Mark Cavendish Netflix documentary, ‘I don’t want anyone else to go through what I have’
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It’s three weeks since Mark Cavendish’s Tour de France came to an abrupt and painful end.

As things stand, he is set to retire at the end of this season.

But the man who remains wrapped in one of the most romantic relationships there has ever been with cycling’s greatest race is “still thinking” about the final comeback in 2024 he has been offered by his Astana-Qazaqstan team.

The carrot is big: the chance to win a 35th Tour de France stage and break the record he shares with Belgian legend Eddy Merckx.

He came agonisingly close to doing it this year when he was pipped on the finish line in Bordeaux before a crash on stage eight forced him to abandon with a broken collarbone.

It did not stop Netflix releasing Never Enough – the documentary which was probably intended to tell a fairytale that never materialised.

Cavendish is “really happy” with it.

“I feel it shows good representation of the real me, which anyone wants in a film about them,” he says. “Whether for good or for bad, you want real representation. I laid myself quite bare doing it.”

The ‘Manx Missile’ has, at times, been a fiery character. He takes longer to answer questions these days. He sprints, but he also thinks – and thinking is something he does a lot now he is 38.

“I don’t think anybody can sit and say they wouldn’t go back and change bits and pieces here and there,” he says. “But it doesn’t matter… you can’t.

“All you can do is learn from good things you’ve done and bad things you’ve done, and put them into practice for shaping you for where you want to go.”

Cavendish is happy with what he has achieved in his career, too. If he does come back, it won’t all be for that record.

As he says in Never Enough, “the media started that, and all of a sudden that’s all I’m going for”.

But where he has been will always inform whatever the next chapter of his life holds.

Cavendish says it was “important” he was open in the documentary.

“It’s hard to feel anyone can relate to how you’re feeling,” he says. “It was important to lay myself so open to show that to anybody who could be affected [in a similar way].”

As he processes what he has said, he jokes: “It sounds like one of those warnings.”

But Never Enough really delves into a period in Cavendish’s life which was a far bigger test than any furious dash to the line on the bike.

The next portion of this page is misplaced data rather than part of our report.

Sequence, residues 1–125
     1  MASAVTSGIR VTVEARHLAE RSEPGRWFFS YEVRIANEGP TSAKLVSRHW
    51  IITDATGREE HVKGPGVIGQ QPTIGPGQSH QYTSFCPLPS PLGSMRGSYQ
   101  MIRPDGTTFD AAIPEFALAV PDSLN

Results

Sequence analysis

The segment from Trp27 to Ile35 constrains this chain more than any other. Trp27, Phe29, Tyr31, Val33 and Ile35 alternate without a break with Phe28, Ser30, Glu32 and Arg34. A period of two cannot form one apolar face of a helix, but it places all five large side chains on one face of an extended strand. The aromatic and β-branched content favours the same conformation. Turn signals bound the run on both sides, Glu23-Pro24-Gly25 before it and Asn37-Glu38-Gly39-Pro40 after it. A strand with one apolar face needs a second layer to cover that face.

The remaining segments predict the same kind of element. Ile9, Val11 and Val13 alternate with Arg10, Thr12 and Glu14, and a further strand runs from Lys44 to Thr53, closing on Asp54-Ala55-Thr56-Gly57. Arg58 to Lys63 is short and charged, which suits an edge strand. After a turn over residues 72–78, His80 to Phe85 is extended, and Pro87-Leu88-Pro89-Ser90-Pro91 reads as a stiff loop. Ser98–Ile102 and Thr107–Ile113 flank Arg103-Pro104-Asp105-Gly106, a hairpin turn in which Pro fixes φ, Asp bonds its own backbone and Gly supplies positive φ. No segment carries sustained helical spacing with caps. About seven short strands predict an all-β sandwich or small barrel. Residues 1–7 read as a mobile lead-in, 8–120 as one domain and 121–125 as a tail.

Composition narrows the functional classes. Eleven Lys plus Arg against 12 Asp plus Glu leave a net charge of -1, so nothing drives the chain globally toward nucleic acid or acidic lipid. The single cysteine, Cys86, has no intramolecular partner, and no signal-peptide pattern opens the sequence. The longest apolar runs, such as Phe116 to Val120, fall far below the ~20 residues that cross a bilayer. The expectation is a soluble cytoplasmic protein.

Eight years and several victories into his glittering road cycling career, the 2016 Cavendish won four stages at the Tour for Dimension Data, before his mental health – and the team cohesion – began to spiral out of control.

The clandestine Epstein Barr virus – a terrible fatiguing condition for an endurance athlete to suffer – preceded several crashes, most notably a huge somersault after colliding with a traffic island in Italy.

It got to the point where he wasn’t racing. He was just riding a bike. After losing his form, he over-trained and avoided eating correctly.

Nothing worked, and eventually the depression affected his family life.

“The key point is to show positivity towards where you can go. I never, ever want to deal what I’ve dealt with again. And I never want anybody to have to deal with these things.

“It’s not about feeling sorry. I don’t feel sorry for myself – I’m very fortunate to have the life I have. But more fortunate to have the people around me that I have, and that’s knowing I’ve had that support network, and that support network is a massive crutch and a massive safety blanket I guess.

“You never get ‘better’,” he says. “But if you can see positives and not look back… that’s definitely the driving force to live the happiest life you can.”

Cavendish sought help, and is better for it. Far better.

After proclaiming through tears at the end of a race in Belgium in 2020 that he had “probably” taken part in his last event, he was picked up by his old Quick Step team – run by the equally forthright, but warm and charismatic, Patrick Lefevere.

Cavendish broke a collarbone to end his 2023 Tour de France